Issues related to the regulation and reduction of conventional arms and armed forces have been on the disarmament agenda of the United Nations since its creation. In the 1950s, the General Assembly dealt with the subject of disarmament in the context of ways and means to achieve the regulation, limitation and balanced reduction of all armed forces and all armaments and to achieve general and complete disarmament. In 1999, the Disarmament Commission adopted guidelines on conventional arms control with an emphasis on practical disarmament measures.
  • Regional disarmament
    The United Nations charter envisaged a substantial role for regional organizations in promoting international peace and security, although it was not until the end of the cold war that they assumed a more active role. A Group of Governmental Experts appointed by the UN Secretary-General concluded in 1981 that there was a vast and, to a large extent unexplored, potential for progress in disarmament, if the global approach was supplemented with determined and systematic efforts at the level of the different regions. The Group of Experts found that progress in regional disarmament, the equitable solution of problems and the just settlement of disputes at the regional level, along with regional confidence-building measures, could create conditions that would promote disarmament and relax tension at the global level. Over the years, the United Nations has sought to enhance the role of regional approaches to disarmament and security, including as a complement to global efforts. By adapting regional initiatives to the specific needs of the participating States, it was possible to reach agreement on measures more far-reaching than those that could be adopted at the global level. Concluding its consideration of the question in 1993, the United Nations Disarmament Commission (UNDC) adopted guidelines and recommendations for regional approaches to disarmament. The Commission found that regional and global approaches to disarmament and arms limitation complemented each other and should be pursued simultaneously, in order to promote regional and international peace and security.
  • Related issues and approaches
    This chapter covers the following important issues: Terrorism and disarmament, human rights, human security and disarmament; prevention of an arms race in outer space; information security and the role of science and technology in the context of international security and disarmament; arms limitation and disarmament agreements, including verification of compliance; and the relationship between disarmament and development. The common theme of these issues is how the international community is tackling their relationship to weapons and the disarmament process. Individually, each represents a significant step taken by the multilateral disarmament machinery or by other multilateral bodies of the United Nations system.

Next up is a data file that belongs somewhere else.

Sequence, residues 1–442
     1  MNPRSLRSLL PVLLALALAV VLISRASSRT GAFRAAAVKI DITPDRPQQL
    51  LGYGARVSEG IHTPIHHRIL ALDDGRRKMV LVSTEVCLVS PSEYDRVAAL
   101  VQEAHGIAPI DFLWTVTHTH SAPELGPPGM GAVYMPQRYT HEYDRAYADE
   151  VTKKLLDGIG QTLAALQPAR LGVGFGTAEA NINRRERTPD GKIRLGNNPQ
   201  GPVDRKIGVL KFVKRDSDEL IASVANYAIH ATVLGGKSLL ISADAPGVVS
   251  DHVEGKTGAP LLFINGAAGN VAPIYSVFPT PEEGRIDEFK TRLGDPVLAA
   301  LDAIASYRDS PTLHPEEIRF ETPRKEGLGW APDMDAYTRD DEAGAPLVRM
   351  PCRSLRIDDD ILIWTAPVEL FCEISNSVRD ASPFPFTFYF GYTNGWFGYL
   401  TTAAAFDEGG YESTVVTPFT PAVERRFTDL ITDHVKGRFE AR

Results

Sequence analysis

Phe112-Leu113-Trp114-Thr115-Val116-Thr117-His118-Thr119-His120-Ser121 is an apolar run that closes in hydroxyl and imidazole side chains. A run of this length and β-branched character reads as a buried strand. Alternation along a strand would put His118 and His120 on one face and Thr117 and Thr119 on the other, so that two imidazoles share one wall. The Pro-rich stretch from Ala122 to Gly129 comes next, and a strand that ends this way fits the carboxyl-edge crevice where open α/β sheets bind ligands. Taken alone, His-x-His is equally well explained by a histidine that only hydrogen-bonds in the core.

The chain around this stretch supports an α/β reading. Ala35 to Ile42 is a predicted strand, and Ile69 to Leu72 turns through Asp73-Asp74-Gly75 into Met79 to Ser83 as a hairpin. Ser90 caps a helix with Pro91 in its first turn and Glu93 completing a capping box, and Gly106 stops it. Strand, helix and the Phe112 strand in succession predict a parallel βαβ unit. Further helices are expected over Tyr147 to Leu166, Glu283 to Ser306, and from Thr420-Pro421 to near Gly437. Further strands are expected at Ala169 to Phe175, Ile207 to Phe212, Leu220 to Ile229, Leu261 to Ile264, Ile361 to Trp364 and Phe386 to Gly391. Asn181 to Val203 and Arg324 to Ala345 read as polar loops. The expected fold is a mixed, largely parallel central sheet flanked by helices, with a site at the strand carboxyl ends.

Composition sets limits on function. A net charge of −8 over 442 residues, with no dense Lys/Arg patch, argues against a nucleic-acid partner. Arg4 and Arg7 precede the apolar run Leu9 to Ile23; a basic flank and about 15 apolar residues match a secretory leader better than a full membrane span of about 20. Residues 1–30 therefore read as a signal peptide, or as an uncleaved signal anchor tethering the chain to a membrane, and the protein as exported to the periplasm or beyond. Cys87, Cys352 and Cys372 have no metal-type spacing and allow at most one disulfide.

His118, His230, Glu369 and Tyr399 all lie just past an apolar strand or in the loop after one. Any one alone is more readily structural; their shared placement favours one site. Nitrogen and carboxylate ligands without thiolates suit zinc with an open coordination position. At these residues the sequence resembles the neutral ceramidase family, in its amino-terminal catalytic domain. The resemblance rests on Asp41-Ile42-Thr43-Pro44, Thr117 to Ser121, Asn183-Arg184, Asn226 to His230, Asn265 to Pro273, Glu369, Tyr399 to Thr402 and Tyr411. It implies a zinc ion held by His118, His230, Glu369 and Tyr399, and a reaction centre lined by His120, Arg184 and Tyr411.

• Institutional aspects
    UN activities in the field of disarmament and arms regulation continued to be carried out through the Organization’s main organs: the General Assembly and the Security Council. The existing disarmament machinery consists of the General Assembly, its two subsidiary bodies, namely, the First Committee and the Disarmament Commission (UNDC), and the Conference on Disarmament (CD). In addition, questions of disarmament are dealt with in other international frameworks established on the basis of multilateral, regional and bilateral agreements.
  • Studies, education and information
    Studies on various aspects of disarmament have been carried out over the years by the Secretary-General pursuant to relevant General Assembly resolutions on the subject. Most have been conducted with the assistance of governmental experts, appointed by him, on the basis of equitable geographical distribution, and with the help of Member States in a position to render such assistance. The studies serve two purposes: to provide a deeper understanding of disarmament and related matters, and to support the negotiating process through analysis of specific matters related to negotiations in progress or about to start.